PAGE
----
The crisis within policing in Northern Ireland has deepened, with rank and file officers unanimously passing a vote of no confidence in Deputy Chief Constable Mark Hamilton.
Following a lengthy extraordinary meeting, the Police Federation for Northern Ireland also expressed no confidence in the PSNI’s chief operating officer, Pamela McCreedy, and assistant chief officer Clare Duffield.
Former chief constable Simon Byrne resigned this week after a string of controversies.
Pressure has been mounting on the leadership of the PSNI after a data breach which disclosed personal details of officers and staff, and a critical High Court judgment which said the disciplining of two officers following an arrest at a Troubles memorial event in Belfast in 2021 was unlawful.
Mr Hamilton had been steering the organisation while moves are under way to recruit a new chief.
He had been expected to attend the federation’s meeting on Wednesday but was unable to attend due to an unplanned medical procedure.
A PSNI spokesman said the senior executive team is currently leading the organisation while Mr Hamilton recovers.
Federation chairman Liam Kelly said: “We had a thorough and detailed discussion of all the issues relating to the judicial review ruling, the treatment of our two probationer officers and the monumental data breaches.
“Our federation is of the collective view that because of his (Mr Hamilton) involvement in the decisions concerning the Ormeau Road incident, and the real or perceived political interference in that process, we can have no confidence in him.
“Furthermore, in the wider context of the management, accountability and operation of the service, my federation colleagues said they had no confidence either in the chief operating officer Ms McCreedy, and the assistant chief officer Ms Duffield.”
Mr Kelly said the leadership team of the PSNI needed to urgently clarify whether it intended to appeal against the High Court ruling.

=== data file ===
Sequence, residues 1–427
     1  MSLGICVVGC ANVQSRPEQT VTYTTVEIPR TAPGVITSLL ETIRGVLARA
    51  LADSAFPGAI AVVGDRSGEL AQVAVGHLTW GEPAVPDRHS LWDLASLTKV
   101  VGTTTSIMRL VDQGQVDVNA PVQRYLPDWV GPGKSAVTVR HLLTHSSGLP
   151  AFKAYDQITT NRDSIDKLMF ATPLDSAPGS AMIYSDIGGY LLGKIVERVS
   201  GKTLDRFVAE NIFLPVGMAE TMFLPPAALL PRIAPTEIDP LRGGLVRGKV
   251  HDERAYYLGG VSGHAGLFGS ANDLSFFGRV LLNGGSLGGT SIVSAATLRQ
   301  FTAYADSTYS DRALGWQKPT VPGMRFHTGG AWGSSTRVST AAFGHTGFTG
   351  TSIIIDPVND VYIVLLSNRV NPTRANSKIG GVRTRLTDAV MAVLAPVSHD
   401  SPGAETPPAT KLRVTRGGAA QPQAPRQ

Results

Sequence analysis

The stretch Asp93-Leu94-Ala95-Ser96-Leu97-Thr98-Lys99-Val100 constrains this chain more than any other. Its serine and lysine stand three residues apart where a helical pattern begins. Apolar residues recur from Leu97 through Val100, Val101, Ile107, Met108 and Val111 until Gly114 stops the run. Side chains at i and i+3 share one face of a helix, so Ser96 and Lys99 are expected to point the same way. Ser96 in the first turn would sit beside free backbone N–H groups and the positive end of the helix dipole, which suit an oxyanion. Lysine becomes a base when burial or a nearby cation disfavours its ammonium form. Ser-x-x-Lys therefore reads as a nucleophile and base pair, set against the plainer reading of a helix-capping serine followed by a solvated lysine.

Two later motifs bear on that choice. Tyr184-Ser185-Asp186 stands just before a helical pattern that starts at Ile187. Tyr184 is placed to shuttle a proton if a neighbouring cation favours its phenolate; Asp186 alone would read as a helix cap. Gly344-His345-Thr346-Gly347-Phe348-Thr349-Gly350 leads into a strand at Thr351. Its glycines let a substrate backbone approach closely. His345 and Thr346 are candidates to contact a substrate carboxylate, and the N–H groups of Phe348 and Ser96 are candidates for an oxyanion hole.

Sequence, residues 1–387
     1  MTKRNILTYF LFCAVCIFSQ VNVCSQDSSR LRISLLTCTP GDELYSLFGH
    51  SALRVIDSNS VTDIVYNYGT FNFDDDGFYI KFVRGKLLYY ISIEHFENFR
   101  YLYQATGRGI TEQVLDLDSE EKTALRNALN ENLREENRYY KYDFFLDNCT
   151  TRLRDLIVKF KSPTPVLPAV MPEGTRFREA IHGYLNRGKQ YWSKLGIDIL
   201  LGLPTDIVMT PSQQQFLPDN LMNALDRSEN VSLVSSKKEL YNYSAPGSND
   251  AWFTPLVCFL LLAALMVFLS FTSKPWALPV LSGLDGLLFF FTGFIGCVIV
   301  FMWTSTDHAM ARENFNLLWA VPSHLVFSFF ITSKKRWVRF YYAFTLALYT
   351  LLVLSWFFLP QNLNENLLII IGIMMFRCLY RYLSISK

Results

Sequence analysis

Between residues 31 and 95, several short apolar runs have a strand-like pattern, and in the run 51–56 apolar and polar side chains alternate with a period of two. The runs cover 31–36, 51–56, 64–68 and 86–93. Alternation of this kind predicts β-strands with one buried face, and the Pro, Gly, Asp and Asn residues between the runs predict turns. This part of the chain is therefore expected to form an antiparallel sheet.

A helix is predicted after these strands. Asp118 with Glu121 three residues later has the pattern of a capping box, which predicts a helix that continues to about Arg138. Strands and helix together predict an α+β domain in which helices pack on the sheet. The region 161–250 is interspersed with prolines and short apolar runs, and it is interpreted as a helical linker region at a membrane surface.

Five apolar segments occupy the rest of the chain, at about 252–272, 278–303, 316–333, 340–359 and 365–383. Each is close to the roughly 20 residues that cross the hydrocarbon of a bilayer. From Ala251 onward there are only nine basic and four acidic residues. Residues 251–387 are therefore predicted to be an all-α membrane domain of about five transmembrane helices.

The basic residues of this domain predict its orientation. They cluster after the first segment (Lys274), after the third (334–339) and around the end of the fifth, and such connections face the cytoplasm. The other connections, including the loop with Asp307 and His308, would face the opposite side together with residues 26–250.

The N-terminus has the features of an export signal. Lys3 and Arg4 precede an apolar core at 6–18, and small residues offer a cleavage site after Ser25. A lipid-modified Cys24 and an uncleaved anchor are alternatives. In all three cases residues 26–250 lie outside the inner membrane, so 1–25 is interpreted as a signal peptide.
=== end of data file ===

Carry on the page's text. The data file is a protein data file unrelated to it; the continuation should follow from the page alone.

He added: “The service is in dire need of clear and strong leadership.
“We have to fix what’s fractured and change the entire way of working so that there isn’t a damaging and dangerous disconnect between the senior executive team and all officers.
“We do our level best, often going well beyond what’s expected, to deliver professional policing for this entire community. To continue on that path we must have a leadership that listens and acts on the genuine and constructive feedback from the rank and file.
“None of this is easy, but we feel we owe it to our members to express in the strongest possible terms the deep feelings of hurt, resentment and anger that exists.”
DUP leader Sir Jeffrey Donaldson had earlier said an interim leader needs to be “brought in” for the PSNI.
Speaking in the House of Commons, he said the DUP “fully supports” the PSNI in its “impartial implementation of policing across all communities in Northern Ireland”.
But he said: “We are in a crisis situation, with not only the data breach but also the loss of confidence internally within the PSNI.
“And whilst it is the responsibility of the policing board to make appointments, does he agree with me that perhaps what we need now, in the absence of a chief constable, is for someone to be brought in with the experience and leadership credentials that are needed in the interim period, pending the appointment of a new chief constable, to take control of this situation?”
Northern Ireland Secretary Chris Heaton-Harris said in the Commons: “I do believe the senior management team is a strong and an effective unit and the policing board has a lot on their plate at this point in time and have even, I believe, launched a review into how they operate themselves.
“I’m quite sure questions are being asked to see what can be done in this space but, as of now, I can only update the House with what I have.”
In an earlier exchange between them, Sir Jeffrey said: “The data breach is a matter of national security because it includes officers who work with the security service in a very specialist role involving counter-terrorism and intelligence in Northern Ireland.
“So will the Secretary of State assure the House that whatever resources are required by the PSNI, not only to fulfil that function but to protect its own officers and staff, will be available to them?”
Mr Heaton-Harris added: “Some of the elements of that question are obviously in a place that I cannot answer in public, but any additional funding required by the PSNI would be submitted through an established process and currently we’re right at the very beginning of that established process.”
He said it “would not be right to pre-empt that but the Government is clear that security is paramount”.
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